A one-dimensional mathematical model of collecting lymphatics coupled with an electro-fluid-mechanical contraction model and valve dynamics
- 49 Downloads
We propose a one-dimensional model for collecting lymphatics coupled with a novel Electro-Fluid-Mechanical Contraction (EFMC) model for dynamical contractions, based on a modified FitzHugh–Nagumo model for action potentials. The one-dimensional model for a deformable lymphatic vessel is a nonlinear system of hyperbolic Partial Differential Equations (PDEs). The EFMC model combines the electrical activity of lymphangions (action potentials) with fluid-mechanical feedback (circumferential stretch of the lymphatic wall and wall shear stress) and lymphatic vessel wall contractions. The EFMC model is governed by four Ordinary Differential Equations (ODEs) and phenomenologically relies on: (1) environmental calcium influx, (2) stretch-activated calcium influx, and (3) contraction inhibitions induced by wall shear stresses. We carried out a stability analysis of the stationary state of the EFMC model. Contractions turn out to be triggered by the instability of the stationary state. Overall, the EFMC model allows emulating the influence of pressure and wall shear stress on the frequency of contractions observed experimentally. Lymphatic valves are modelled by extending an existing lumped-parameter model for blood vessels. Modern numerical methods are employed for the one-dimensional model (PDEs), for the EFMC model and valve dynamics (ODEs). Adopting the geometrical structure of collecting lymphatics from rat mesentery, we apply the full mathematical model to a carefully selected suite of test problems inspired by experiments. We analysed several indices of a single lymphangion for a wide range of upstream and downstream pressure combinations which included both favourable and adverse pressure gradients. The most influential model parameters were identified by performing two sensitivity analyses for favourable and adverse pressure gradients.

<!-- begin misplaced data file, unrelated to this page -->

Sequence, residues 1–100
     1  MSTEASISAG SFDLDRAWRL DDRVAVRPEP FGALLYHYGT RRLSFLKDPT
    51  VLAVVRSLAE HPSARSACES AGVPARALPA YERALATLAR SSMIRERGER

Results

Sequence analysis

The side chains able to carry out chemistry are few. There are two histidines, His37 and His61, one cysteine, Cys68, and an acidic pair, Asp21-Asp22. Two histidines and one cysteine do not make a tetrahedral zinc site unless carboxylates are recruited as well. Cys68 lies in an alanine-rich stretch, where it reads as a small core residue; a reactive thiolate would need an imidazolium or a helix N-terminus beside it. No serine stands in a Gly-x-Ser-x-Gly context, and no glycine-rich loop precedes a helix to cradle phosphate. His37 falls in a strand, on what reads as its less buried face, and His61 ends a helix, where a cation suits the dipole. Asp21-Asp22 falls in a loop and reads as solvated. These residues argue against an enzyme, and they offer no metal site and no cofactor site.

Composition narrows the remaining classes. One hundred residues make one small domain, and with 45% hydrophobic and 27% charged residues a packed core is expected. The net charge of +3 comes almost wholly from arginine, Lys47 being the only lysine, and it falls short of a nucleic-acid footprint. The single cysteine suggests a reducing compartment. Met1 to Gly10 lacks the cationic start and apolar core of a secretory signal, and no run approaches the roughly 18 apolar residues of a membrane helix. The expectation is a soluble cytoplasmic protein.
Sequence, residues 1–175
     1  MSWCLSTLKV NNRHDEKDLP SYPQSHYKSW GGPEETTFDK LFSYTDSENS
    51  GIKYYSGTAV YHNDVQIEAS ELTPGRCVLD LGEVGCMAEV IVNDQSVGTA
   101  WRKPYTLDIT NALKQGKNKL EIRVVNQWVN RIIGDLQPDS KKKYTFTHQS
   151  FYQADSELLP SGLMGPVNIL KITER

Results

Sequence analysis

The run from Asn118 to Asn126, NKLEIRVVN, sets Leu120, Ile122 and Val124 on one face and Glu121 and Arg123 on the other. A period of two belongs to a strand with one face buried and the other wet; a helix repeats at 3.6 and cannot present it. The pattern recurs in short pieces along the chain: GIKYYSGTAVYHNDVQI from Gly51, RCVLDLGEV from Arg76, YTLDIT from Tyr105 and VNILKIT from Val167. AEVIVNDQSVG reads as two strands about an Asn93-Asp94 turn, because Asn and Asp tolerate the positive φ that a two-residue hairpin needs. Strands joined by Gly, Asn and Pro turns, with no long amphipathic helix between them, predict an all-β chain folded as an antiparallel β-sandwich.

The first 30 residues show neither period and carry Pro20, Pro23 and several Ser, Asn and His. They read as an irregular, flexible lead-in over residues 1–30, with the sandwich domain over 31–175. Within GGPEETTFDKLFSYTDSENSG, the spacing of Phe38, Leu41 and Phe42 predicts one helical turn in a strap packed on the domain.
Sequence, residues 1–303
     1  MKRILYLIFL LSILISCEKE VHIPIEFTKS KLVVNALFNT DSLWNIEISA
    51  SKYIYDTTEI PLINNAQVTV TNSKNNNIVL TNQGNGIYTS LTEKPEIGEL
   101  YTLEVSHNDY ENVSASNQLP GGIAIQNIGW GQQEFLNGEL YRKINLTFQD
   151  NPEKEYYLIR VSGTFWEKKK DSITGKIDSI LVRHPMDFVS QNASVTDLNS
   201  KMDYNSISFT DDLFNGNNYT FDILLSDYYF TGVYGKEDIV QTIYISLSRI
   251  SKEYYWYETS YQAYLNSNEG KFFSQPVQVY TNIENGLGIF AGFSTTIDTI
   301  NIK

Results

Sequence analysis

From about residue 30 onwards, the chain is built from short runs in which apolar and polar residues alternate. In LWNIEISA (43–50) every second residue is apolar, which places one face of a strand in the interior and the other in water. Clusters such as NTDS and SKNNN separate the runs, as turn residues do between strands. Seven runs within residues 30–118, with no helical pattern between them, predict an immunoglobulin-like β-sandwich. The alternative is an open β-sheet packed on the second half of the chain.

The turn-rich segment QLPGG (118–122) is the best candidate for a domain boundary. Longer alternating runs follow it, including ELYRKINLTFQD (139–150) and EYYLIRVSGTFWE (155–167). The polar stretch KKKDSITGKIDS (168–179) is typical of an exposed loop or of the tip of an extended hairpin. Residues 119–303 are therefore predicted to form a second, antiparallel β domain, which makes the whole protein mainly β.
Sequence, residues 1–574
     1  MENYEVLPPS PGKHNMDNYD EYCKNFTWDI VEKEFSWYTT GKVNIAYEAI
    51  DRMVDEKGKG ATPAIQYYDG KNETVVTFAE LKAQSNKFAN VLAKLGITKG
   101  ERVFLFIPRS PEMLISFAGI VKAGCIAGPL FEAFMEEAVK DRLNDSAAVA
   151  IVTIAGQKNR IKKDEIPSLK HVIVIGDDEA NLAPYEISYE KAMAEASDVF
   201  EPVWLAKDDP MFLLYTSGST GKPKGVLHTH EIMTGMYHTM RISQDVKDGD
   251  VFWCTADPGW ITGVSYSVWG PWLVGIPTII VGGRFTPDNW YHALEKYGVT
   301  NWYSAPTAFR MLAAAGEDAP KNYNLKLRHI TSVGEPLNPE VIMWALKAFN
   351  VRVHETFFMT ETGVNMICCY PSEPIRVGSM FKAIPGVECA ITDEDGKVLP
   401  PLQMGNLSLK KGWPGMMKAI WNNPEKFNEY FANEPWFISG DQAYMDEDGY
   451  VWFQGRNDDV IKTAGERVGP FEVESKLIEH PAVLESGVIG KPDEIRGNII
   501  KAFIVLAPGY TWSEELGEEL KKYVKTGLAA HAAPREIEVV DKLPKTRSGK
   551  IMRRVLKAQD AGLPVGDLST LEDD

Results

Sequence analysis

KeywordsOne-dimensional model for lymphatics FitzHugh–Nagumo Collecting lymphatics Lymphangions Lymphatic action potential
The authors gratefully acknowledge the suggestions given by Prof. Christian Vergara from the Department of Mathematics, Politecnico di Milano, Italy. The authors also acknowledge the excellent work done by anonymous referees that greatly contributed to improve this paper.
Compliance with ethical standards
Conflict of Interest
The authors declare that they have no conflict of interests.
- Alastruey A.J (2006) Numerical modelling of pulse wave propagation in the cardiovascular system: development, validation and clinical applications. Ph.D. thesis, University of LondonGoogle Scholar
- Bertram C.D., Macaskill C, Davis M.J., Moore J.E (2016) Consequences of intravascular lymphatic valve properties: a study of contraction timing in a multi-lymphangion model. American Journal of Physiology: Heart and Circulatory Physiology 310(7), ajpheart.00,669.2015Google Scholar
- Gajani G.S, Boschetti F, Negrini D, Martellaccio R, Milanese G, Bizzarri F, Brambilla A (2015) A lumped model of lymphatic systems suitable for large scale simulations. In: 2015 European conference on circuit theory and design (ECCTD). Institute of Electrical & Electronics Engineers (IEEE)Google Scholar
- Ohhashi T, Azuma T, Sakaguchi M (1980) Active and passive mechanical characteristics of bovine mesenteric lymphatics. Am J Physiol 239(1):H88–95Google Scholar
- Reddy N.P (1974) A discrete model of the lymphatic system. Ph.D. thesis, Texas A&M UniversityGoogle Scholar